ence of a common danger drew the groups together, and each time 
the question of communications among them by regular posts was 
agitated. On the outbreak of the war between the English and 
their maritime rivals, the Dutch, in 1672, Governor Lovelace, at 
the direction of the king, set on foot inquiries as to what could be 
done towards establishing a regular postal service throughout the 
colonies. He arranged for a monthly courier service between New 
York and Boston. 4 There was no road between the two places 
and Governor Winthrop was asked to provide an expert woodsman, 
who might guide the courier by the easiest road. The courier was 
directed to blaze the route, and it was hoped that a good road might 
be made over it. The courier had made only a few trips when 
New York was captured by a Dutch fleet. The town was re- 
stored to the English in 1674 but, with the disappearance of the 
danger, the service was dropped. 

The other occasion was in 1684, when the pressure of the 
French and their Indian allies brought together all the colonies into 
a conference at Albany, at which the Iroquois took part. Colonel 
Dongan, governor of New York, threw out the proposition to estab- 
lish a line of post-houses along the coast from the Acadian bound- 
ary to Carolina. The king was much pleased with the scheme, 
and directed Dongan to farm out the enterprise to some capable 
contractor. 5 In March, 1685, he had an ordinance adopted in the 

3 Ibid., p. 446. 

* Coll., Mass. Hist. Soc, fifth series, IX. 83-84. 

5 Calendar of State Papers, Colonial, America and West Indies, 1681-1685, 
no. 1848. 

260 William Smith 

council of New York, 6 providing for a post-office through the 
colonies, and fixing the charges for the conveyance of letters at 
threepence for each one hundred miles of carriage. Dongan's juris-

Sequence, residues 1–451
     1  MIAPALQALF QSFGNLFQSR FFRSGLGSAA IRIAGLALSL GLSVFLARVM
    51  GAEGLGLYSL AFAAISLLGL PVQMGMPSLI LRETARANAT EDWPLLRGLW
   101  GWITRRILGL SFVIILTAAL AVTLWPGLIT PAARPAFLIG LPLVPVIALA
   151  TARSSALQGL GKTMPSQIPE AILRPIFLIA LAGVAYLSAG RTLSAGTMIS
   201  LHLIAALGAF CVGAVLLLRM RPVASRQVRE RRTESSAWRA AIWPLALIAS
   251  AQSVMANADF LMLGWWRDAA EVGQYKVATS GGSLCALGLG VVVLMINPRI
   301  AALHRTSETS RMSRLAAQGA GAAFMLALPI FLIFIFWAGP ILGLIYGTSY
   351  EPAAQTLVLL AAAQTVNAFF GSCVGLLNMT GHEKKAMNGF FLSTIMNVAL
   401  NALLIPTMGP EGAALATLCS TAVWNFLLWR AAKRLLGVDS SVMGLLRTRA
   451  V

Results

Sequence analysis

diction did not however extend beyond the colony of New York 
and the records of the other colonies are silent on the subject. No 
evidence has been discovered to show that the extensive scheme 
contemplated was carried into effect but it is tolerably certain that a 
regular service was in operation between New York and Boston. 
The narrative of the grievances, against the tyrannical misrule of 
the usurper Leisler contains a statement that on January 16, 1690, 
the public post on his way to Boston was detained by a warrant from 
Leisler and his letters confiscated, and the terms of the statement 
make it clear that the post was a regular institution. 7 

In July, 1683, a weekly post was established in Pennsylvania. 
Letters were carried from Philadelphia to the Falls of Delaware for 
threepence ; to Chester for twopence ; to New Castle for f ourpence ; 
and to Maryland for sixpence. 8 

As part of the scheme of James II. for the confederation of the 
New England states under a royal governor, a postmaster was 
appointed for the united colonies. The choice fell upon Edward 
Randolph, who had just previously been selected as secretary and 
registrar of the new province. The appointment was dated No- 
vember 23, 1685. 6 He seems to have performed the duties of his 
office 10 until the fall of the Andros government, which followed 
closely upon the deposition of James II. in 1689. 

Until this time, then, the post-office would be classed generally 
among the merely temporary conveniences of the state, and not 
among its permanent institutions. It was William III. who estab- 
lished the first postal system in the colonies. When he had be- 
come firmly seated on his throne and had an opportunity to look